People become so focused on how healthy and strong they seem on the outside that they frequently forget to take care of themselves on the inside. A body that is dehydrated and improperly nourished can place a lot of strain on the internal organs.
Depending on the extent of neglect, you can subject weak muscles that may tear under stress, or inadvertently cause organ damage and even organ failure. Always take several water breaks during your workouts, and ensure that your diet consists of plenty of nutrients that your body needs to function properly, especially protein.
Try to avoid working out when you’re hungry. You don’t need a big meal beforehand, but a light and healthy snack in the meantime will help keep your energy up and stock up on vital nutrients.
Workout clothes aren’t just for style. They’re also for practical purposes. They’re breathable and lightweight, helping prevent overheating, and they’re tight enough to keep from snagging on equipment.
If you’re a runner or jogger, having shoes that provide you with proper support to reduce stress on your knees and feet can make a big difference in how far and how long you run. Even a good pair of socks made of synthetic fabric can help prevent minor injuries such as blisters.
Get Plenty Of Rest
Adequate sleep and relaxation are essential to preventing workout-related injuries. Sleep ensures that your body and brain are at peak condition to focus properly, process nutrients, burn calories and improve muscle growth.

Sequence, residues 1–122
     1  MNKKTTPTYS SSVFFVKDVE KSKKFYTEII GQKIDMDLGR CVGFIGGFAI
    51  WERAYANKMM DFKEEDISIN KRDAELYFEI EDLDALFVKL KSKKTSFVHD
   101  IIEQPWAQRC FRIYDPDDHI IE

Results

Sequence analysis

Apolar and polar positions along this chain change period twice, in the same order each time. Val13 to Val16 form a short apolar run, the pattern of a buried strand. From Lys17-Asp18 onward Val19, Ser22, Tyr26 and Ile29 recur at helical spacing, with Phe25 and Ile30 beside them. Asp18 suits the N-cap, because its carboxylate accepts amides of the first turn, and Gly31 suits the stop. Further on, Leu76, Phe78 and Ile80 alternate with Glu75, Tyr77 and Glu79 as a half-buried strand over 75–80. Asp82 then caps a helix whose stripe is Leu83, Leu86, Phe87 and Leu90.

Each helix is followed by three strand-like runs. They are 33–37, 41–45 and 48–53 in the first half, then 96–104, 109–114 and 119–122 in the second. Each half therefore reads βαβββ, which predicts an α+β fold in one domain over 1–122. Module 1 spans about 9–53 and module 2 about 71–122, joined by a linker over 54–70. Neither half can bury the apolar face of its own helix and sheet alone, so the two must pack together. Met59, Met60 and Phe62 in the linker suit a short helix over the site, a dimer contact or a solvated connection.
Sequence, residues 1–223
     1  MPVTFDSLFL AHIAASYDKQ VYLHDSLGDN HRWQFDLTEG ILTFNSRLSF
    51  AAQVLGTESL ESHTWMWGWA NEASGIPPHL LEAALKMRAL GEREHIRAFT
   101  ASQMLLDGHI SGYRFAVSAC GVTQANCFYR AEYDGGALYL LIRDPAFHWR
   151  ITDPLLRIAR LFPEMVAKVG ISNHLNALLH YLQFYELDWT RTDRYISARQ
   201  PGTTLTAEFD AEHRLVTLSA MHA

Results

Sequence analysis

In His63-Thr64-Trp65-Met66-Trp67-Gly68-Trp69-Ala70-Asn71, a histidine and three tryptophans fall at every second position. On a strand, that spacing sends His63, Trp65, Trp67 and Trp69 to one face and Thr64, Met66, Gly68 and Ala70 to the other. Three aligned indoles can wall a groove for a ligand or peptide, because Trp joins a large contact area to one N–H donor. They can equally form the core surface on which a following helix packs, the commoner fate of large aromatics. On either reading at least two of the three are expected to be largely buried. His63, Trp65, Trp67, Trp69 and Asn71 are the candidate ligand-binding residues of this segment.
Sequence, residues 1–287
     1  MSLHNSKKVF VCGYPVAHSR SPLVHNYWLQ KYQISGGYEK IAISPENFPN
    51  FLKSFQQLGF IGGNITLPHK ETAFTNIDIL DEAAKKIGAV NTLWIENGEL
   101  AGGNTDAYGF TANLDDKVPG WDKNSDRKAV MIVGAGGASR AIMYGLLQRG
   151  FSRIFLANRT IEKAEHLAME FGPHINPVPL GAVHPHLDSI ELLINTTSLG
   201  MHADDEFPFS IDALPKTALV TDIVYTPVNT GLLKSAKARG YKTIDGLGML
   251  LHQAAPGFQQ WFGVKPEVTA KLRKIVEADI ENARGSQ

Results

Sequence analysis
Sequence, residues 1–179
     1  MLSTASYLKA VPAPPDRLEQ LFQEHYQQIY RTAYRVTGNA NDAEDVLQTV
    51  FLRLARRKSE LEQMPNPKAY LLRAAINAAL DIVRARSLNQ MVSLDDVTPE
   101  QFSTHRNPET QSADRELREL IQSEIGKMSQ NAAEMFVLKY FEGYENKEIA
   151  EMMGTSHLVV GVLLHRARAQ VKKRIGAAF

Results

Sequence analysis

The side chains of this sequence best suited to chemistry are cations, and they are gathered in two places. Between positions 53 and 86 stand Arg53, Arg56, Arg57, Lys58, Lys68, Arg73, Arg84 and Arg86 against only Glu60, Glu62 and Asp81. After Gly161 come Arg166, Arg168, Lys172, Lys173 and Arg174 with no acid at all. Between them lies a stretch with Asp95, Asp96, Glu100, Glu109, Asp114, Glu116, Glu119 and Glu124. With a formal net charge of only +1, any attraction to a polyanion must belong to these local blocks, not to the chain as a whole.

Having periods of rest allows you to catch your breath, relieve some stress from your body and re-energize in order to continue your workout or your regular day. Don’t work out every day of the week. Even if you rest up regularly throughout the workout, your body still needs one or two days of rest per week.
Always Pay Attention To Pain
When someone tells you, “No pain, no gain,” ignore them. Everyone has those periods of soreness after a hard workout, but there’s a difference between soreness from strenuous exercise and actual pain. If you feel pain in any part of your body during a workout, stop immediately.
Pain tells you something is wrong within your body, and you shouldn’t brush it off as being a part of the exercising experience. Doing so may result in serious injury and permanent damage. Consult a doctor immediately to diagnose the cause of the pain, and ask them for suggestions on working around it if necessary.
Get A Regular Spotter
A spotter’s job is to keep an eye on you while working out in order to help prevent accidents from happening and to assist you if anything goes wrong. Since accidents and health problems can easily occur during a workout, a spotter is essential in preventing injuries.
They’re especially useful during those last few reps during weight training to prevent the weights from falling on your if your muscles start to fail, and they help replace the weights on the rack when you’re done. Additionally, spotters are a necessity for gymnasts in order to make sure they don’t slip and fall on equipment.
Spotters are easier to get than personal trainers, and they’re almost always free. People are usually willing to spot someone during a workout, especially weight training, in order to keep everyone safe and sound.
No one is immune to injury, and careless exercising can easily cause harm to anyone. As long as you follow these tips and stay focused at all times, you’ll be sure to stay as safe as possible while you get in shape. Remember, being safety-conscious at the gym or in workout groups can help keep the people around you safe as well.